Then you're just being dishonest.  There is nothing loaded about the question, you're simply seeing the consequences of what your answer entails, and refusing to accept it, because of your emotional investment in your beliefs.
False.

You added the assumption of "fear" to a post where it was not assumed, and then asked me a question based on that assumption.  "Fear" is no more a consequence of what I posted than "exuberance" or "sorrow" or "orgasmic ecstasy.  The fact that you're trying to defend your straw man of my position while calling me a liar so you don't have to recant your loaded question is just... sad, really.

Let me make it absolutely clear to you, for the third time: my post did not assume "fear."  Therefore, I will not make your assumptions about what I wrote.

Are you saying that everyone who has a relationship with God is immune to such feelings?
No, not at all.  We have other relationships in our lives besides our relationship with God, and we have our own goals, hopes, and dreams.  These things can be upset just as easily in someone with a strong relationship with God as they can in someone who has no relationship with God.

But while that "morality" might not be offical in most xian sects, it is still there so it is a lie. Obvisously it dodges the question because he never even comes close to addressing it. The derailment is in changing the focus of the thread to something very off-topic: "which branches of xianity have that morality?"
Nice try, but no.

Boots: X is in a religion.
Mooby: Which religion?  You don't mean Christianity?
Boots: X is in Christianity, specifically Catholicism.
Mooby: There's no evidence that X is in Catholicism.
Adzgari: X is in my father's church.
Mooby: *Assumes Adzgari is talking about the father's Catholic Church in response to his challenge*

But hey, let's play your game.

A: Animals like to snort paprika.
B: Huh?  Which animals?
A: I was thinking about mammals.  I know some dogs who snort paprika.
B: Actually, here's a book that establishes fairly well that dogs don't snort paprika.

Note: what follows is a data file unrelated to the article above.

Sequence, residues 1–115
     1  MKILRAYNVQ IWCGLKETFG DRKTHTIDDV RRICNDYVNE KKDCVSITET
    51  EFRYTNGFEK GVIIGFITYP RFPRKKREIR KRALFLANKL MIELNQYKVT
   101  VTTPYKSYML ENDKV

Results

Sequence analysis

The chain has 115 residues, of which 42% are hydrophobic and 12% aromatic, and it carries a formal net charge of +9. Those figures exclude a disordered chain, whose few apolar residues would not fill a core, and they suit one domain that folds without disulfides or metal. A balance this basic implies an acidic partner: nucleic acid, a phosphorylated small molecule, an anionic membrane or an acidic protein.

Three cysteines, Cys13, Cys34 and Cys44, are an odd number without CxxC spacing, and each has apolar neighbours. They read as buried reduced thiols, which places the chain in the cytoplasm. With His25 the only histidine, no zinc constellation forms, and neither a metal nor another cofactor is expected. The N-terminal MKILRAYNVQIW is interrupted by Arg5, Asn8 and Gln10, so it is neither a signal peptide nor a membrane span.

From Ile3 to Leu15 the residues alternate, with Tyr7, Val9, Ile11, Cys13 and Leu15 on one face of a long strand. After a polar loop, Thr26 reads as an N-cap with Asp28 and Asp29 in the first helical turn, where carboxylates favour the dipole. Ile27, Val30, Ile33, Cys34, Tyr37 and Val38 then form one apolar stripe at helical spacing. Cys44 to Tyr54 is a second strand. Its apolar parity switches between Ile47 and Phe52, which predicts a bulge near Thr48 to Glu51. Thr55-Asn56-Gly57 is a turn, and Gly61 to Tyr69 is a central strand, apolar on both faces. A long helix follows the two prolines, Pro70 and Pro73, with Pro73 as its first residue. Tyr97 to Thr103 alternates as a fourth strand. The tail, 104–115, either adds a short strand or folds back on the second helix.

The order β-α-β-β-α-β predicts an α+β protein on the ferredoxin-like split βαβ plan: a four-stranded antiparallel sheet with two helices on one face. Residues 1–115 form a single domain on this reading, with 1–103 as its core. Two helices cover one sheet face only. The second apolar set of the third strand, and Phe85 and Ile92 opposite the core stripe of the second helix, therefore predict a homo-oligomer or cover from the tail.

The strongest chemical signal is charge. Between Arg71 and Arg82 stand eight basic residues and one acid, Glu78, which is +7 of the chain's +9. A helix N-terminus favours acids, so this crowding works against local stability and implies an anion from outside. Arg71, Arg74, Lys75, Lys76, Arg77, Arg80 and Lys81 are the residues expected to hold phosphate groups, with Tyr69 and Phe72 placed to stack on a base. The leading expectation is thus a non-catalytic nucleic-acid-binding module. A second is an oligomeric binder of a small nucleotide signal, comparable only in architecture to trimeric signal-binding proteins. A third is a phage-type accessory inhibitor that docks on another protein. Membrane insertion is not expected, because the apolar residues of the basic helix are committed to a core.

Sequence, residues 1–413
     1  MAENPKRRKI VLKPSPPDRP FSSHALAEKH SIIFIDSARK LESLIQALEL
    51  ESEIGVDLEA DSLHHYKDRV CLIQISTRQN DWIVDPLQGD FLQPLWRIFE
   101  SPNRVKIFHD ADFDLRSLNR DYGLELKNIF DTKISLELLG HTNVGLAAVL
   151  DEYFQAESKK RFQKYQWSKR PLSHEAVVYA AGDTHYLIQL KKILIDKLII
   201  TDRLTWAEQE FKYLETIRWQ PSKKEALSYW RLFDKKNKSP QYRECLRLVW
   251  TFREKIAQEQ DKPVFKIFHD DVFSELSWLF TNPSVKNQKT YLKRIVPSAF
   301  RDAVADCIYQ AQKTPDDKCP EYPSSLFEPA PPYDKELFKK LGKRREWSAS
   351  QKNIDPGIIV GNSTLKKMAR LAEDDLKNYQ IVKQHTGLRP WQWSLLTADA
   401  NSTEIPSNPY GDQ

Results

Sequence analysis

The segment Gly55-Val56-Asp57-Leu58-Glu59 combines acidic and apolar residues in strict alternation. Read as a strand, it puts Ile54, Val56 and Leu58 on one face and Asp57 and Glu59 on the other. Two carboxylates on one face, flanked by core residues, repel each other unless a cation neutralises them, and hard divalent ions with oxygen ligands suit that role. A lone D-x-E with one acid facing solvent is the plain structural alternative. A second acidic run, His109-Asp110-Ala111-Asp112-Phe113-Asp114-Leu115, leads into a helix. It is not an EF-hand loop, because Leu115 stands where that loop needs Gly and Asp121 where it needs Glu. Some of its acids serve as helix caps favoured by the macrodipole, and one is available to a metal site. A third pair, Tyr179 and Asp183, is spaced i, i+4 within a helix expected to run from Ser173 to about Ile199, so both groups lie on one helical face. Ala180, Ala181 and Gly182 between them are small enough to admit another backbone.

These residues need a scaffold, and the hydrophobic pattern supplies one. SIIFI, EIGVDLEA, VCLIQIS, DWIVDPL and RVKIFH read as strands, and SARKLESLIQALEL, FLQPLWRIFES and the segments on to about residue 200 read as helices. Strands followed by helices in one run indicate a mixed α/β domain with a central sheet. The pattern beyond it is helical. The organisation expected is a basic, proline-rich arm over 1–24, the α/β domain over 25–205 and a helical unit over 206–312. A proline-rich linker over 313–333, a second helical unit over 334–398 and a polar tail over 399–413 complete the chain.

C: B, my father's pet used to snort paprika.
B: Your father's dog used to snort paprika?
C: Erm, I never said "dog."
B: My bad.  I got distracted because A was talking about dogs.
...
D: Read B's posts carefully.  While snorting paprika might not be official in some animal species, it is still there so it is a lie.  Obvisously it dodges the question because B never even comes close to addressing it. The derailment is in changing the focus of the thread to something very off-topic: "which species of animal snort paprika?"

The OP is a bare assertion.  We have not established that "it is still there."  So far we have established a single anecdotal secondary negatively biased source relating the experience of an ex-member of a single, unnamed, (I assume) Christian church, of which the assertion "was not their emphasis."  So how on Earth can you boldly claim, "It is still there so it is a lie?"

Cue me getting reported for "lawyering."
"I'm doing science and I'm still alive."--J.C.

Offline Ambassador Pony

  • You keep what you kill.
  • Administrator
  • *******
  • Posts: 6858
  • Darwins +71/-4
  • Gender: Male
  • illuminatus
Re: Challenge: any theists encouraged to read and respond
« Reply #45 on: July 16, 2012, 09:50:31 PM »
Reported for lawyering? That would be a first.
You believe evolution and there is no evidence for that. Where is the fossil record of a half man half ape. I've only ever heard about it in reading.

Offline JeffPT

  • Reader
  • ******
  • Posts: 2093
  • Darwins +236/-0
  • Gender: Male
  • I'm a lead farmer mutha fucka
Re: Challenge: any theists encouraged to read and respond
« Reply #46 on: July 16, 2012, 09:52:59 PM »
Are you saying that everyone who has a relationship with God is immune to such feelings?